Friday, October 24, 2014

The Art of Letting Go

The hardest part about growing up, is figuring out how to go throughout life without being scared.

I spent many years of my life studying the Buddha and all the different paths he took throughout his life in order to perfect, essentially, “growing up.” He lived out his childhood and most of his adolescence in lavish quarters, decorated with all the finest things. Anything he ever could have wanted was at his fingertips. It was not until he stepped out into the real world, or, “life,” that he realized everything was not as easy and perfect as it seemed.

Are we not all like the Buddha in this? Do we not, also, go through childhood and most of adolescence in our own comfortable bubble of blissful ignorance? Like the Buddha, it takes most of us stepping out into the real world, declaring our independence from our families, and seeing what life is really like, to realize that life - and death - are out there and they are scary!

After this realization, the Buddha was deeply disturbed and did not know what to do. He decided to renounce everything that he had known: the wealth, clothes, even food and nourishment that he had grown accustomed to. He took up meditation and would sit beneath the banyan trees and meditate as the hours turned to days. He withdrew into himself and lived within his mind.

I relate to the Buddha in his disturbed reaction to what life is really like. Though I have never gone so far as to renounce my clothes and daily nourishment, I relate in the sense that I also withdrew into myself and within my mind, unable to cope with this new “life” that I was supposed to somehow assimilate into.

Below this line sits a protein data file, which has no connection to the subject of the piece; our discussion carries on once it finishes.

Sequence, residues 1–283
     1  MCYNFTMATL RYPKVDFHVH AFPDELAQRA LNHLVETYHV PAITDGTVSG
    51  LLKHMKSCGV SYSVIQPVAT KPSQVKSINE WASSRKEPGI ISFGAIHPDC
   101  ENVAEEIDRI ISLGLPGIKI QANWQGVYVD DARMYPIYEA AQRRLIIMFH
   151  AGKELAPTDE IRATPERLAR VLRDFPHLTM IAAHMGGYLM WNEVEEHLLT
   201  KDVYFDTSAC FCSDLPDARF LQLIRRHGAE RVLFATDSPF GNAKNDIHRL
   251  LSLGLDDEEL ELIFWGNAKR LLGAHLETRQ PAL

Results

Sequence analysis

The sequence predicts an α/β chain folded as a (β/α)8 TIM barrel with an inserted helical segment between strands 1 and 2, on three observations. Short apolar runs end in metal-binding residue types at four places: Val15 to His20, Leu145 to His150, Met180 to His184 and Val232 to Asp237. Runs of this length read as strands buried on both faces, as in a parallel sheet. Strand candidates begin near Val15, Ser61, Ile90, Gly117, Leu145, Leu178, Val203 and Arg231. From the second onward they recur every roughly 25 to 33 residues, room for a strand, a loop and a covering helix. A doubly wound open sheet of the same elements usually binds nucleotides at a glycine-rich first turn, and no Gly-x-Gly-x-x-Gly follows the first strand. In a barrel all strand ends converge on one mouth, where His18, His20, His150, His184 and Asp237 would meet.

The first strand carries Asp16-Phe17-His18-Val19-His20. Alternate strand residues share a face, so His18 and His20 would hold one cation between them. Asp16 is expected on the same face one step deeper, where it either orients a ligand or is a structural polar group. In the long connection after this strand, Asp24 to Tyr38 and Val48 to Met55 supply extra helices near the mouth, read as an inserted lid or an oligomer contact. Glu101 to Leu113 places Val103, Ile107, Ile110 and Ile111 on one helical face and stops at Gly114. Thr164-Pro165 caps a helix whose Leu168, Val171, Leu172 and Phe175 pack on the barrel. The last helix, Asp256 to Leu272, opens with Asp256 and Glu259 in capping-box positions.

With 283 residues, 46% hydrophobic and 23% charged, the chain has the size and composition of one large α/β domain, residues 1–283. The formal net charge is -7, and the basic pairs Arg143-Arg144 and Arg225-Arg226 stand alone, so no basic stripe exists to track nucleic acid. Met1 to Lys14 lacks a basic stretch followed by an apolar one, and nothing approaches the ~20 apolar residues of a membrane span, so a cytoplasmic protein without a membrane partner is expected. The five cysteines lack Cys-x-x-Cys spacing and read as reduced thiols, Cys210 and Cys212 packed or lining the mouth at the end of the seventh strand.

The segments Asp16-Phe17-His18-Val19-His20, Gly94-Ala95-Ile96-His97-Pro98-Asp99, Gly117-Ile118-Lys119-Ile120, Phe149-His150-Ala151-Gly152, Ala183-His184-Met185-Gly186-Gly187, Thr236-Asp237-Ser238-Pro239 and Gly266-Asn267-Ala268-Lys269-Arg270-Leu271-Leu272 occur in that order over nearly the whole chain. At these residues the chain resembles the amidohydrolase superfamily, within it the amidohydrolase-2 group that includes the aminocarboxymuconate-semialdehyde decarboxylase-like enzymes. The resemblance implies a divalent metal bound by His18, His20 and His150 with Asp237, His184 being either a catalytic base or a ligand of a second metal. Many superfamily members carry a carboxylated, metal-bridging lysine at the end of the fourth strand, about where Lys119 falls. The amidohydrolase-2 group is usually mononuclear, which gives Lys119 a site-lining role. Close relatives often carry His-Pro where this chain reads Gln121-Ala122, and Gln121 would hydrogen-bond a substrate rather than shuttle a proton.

It took the Buddha a great while, but eventually he realized he could not completely renounce everything, nor live in his comfortable bubble from childhood. He would have to find a “middle path.” Later, the Buddha went on to achieve Enlightenment.

I’m still at that withdrawn point in my life, too wrapped up in my own mind, or, more accurately, too wrapped up in my fears and anxiety. I have every piece of the “middle path” surrounding me, but I’m too afraid to reach out and grab hold of it all. I’m too afraid to fail at life.

Then I try to focus my mind on another one of my favorite things about the Buddha: the art of letting go. The more I go through this life, the more I realize I have absolutely no control and I need to stop acting as if I do. The more you try to control something, the less control you really have. Life really is about blind faith. We might all have faith in something different, but I believe in the Universe and its harmony and Oneness. I have to learn to trust that the Universe has given me everything I need for my “middle path,” my Enlightenment.